Fountain pens and their accoutrement also provide a surprising, delightful respite from worldly troubles. Those of us who share the collection-passion wax on and on and on about our pens, pen hunts, pen envy, ink, new releases, bad buys, great deals and unusual paraphernalia. As a pen pal recently wrote me, “there are much worse things in this life we could be obsessed with.” Indeed.

Some people continuously try to classify and justify fountain pen choices. Are you rich, poor, an Esterbrook or Montblanc snob? Who cares?! It’s vexing, this human need to constantly categorize and define. You would be surprised to know my life story if you believe fountain pens are made as jewelry for the upper class. I do not, cannot, live according to your light or definition of the world.

My own prejudices have revolved around ink and paper. These are everyday consumables. I have a very hard time justifying $20 for a bottle of ink or notepad. Even still the unforgettable Quo Vadis Habana has made its way into usage, as has the No. 18 Rhodia notepad, alongside the much cheaper fountain pen friendly Staples Bagasse notepads.

Ah, in two words: I digress.

Edison Huron yellowstone acrylic

The pen hoard shift began—quite unexpectedly—with the aforementioned Edison Huron. That was a pen acquired when I inexplicably fell in love with the Bexley yellowstone acrylic material and, fortunately, Brian Gray could accommodate with a pen just for me. (Although, if you must, you too can have his Huron in the yellowstone. You just can’t have mine!)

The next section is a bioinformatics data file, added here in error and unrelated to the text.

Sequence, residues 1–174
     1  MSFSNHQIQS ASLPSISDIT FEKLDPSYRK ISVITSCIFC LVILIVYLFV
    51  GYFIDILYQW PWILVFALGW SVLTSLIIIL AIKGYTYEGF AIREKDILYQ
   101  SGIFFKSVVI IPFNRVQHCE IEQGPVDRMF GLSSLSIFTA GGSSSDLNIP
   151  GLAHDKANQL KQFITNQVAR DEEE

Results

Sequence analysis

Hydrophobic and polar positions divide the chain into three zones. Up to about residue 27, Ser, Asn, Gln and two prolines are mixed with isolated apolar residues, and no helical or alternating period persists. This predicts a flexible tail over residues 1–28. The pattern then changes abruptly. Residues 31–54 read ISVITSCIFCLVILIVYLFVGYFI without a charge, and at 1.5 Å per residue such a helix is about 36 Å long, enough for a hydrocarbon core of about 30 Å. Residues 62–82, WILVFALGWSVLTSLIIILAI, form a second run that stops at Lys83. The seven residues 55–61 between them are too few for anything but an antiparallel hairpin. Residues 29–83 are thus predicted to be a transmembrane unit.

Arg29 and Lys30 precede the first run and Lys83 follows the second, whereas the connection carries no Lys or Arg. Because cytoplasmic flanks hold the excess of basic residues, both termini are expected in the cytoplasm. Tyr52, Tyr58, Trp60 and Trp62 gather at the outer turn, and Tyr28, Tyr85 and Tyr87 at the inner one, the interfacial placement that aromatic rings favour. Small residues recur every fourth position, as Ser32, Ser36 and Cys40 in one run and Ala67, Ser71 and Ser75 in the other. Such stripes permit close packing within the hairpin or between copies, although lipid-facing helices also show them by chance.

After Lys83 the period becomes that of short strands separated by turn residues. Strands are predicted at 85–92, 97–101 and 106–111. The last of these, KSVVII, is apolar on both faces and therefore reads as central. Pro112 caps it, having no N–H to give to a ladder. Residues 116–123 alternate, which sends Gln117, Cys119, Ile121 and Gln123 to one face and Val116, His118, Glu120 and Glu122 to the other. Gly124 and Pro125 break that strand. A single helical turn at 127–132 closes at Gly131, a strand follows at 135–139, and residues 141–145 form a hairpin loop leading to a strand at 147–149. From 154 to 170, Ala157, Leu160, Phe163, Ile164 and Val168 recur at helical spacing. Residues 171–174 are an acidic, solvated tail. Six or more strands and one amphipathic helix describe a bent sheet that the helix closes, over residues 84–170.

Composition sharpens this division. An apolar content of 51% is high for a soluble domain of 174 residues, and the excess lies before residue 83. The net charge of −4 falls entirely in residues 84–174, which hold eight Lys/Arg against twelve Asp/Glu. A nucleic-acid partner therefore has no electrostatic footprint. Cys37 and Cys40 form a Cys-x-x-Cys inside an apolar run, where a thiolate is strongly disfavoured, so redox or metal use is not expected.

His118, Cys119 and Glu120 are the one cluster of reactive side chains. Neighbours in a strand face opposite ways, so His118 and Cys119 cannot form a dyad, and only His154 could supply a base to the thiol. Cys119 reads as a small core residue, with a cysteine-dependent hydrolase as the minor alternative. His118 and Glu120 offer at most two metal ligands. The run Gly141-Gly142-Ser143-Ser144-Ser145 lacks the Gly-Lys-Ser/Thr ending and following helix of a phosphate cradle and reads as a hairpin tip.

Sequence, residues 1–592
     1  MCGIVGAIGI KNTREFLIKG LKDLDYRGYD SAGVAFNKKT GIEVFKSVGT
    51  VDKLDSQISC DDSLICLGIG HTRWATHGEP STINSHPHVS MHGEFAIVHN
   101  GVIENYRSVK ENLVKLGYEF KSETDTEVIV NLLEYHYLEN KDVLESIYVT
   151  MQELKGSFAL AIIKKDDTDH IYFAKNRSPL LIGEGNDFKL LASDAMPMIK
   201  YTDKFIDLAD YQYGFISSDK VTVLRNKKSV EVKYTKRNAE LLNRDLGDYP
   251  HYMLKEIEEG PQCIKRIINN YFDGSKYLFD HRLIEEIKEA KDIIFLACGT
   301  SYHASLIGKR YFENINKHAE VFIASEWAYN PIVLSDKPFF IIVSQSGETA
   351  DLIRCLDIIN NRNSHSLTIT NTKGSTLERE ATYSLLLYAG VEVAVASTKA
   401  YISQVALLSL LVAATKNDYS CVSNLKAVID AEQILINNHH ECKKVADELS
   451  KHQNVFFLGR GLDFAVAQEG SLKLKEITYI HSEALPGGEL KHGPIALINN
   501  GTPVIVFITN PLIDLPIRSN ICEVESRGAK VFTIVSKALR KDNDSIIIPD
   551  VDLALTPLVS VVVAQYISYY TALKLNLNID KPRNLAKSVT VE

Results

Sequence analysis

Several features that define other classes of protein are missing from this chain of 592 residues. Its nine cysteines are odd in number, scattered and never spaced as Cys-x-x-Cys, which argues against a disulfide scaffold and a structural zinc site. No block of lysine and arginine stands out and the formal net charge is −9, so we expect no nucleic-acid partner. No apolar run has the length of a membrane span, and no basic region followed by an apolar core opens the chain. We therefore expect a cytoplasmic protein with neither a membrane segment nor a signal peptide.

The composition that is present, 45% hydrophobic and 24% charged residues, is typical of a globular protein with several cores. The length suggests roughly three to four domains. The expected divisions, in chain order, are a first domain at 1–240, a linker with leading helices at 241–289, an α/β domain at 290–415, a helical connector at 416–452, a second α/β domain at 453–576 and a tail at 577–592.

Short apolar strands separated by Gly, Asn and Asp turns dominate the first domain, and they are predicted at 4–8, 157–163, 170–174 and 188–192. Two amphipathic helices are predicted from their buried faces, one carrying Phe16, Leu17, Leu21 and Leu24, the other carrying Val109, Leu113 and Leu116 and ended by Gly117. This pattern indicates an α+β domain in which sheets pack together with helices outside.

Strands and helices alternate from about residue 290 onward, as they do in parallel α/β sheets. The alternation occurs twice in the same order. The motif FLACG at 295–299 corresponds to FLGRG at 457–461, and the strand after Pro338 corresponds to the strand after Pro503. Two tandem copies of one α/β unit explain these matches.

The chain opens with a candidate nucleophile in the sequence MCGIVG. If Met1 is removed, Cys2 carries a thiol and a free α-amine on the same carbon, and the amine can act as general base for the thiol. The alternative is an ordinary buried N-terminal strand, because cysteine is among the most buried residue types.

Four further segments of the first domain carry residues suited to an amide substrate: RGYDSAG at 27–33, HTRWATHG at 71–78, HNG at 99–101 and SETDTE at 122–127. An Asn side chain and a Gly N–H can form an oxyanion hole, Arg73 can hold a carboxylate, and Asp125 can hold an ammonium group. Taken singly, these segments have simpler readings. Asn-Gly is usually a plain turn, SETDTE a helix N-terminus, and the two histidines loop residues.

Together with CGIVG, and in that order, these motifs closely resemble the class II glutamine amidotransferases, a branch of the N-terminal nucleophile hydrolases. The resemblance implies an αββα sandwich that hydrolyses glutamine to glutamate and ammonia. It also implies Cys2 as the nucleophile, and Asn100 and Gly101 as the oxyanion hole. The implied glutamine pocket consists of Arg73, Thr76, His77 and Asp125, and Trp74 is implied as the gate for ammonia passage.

Some time later, I acquired a Danitrio fountain pen: a short octagon model in a Tame-murasaki urushi finish. Torn between a Danitrio and a Nakaya, the Danitrio won out because, unlike the Nakaya with its brass threads, the Danitrio could be filled “western eyedropper” style. (You fill the barrel with ink and use a bit of silicon grease on the barrel threads to prevent ink leakage. A true modern Japanese eyedropper uses a shut-off value.)

Yes, ink capacity remains a criteria. It’s an important element in a writer’s tool! Capacity, however, is not the only element for choosing a pen. Why a Danitrio? Sleekness. Simplicity. Beauty. All subtly presented via centuries of artisan lacquer tradition.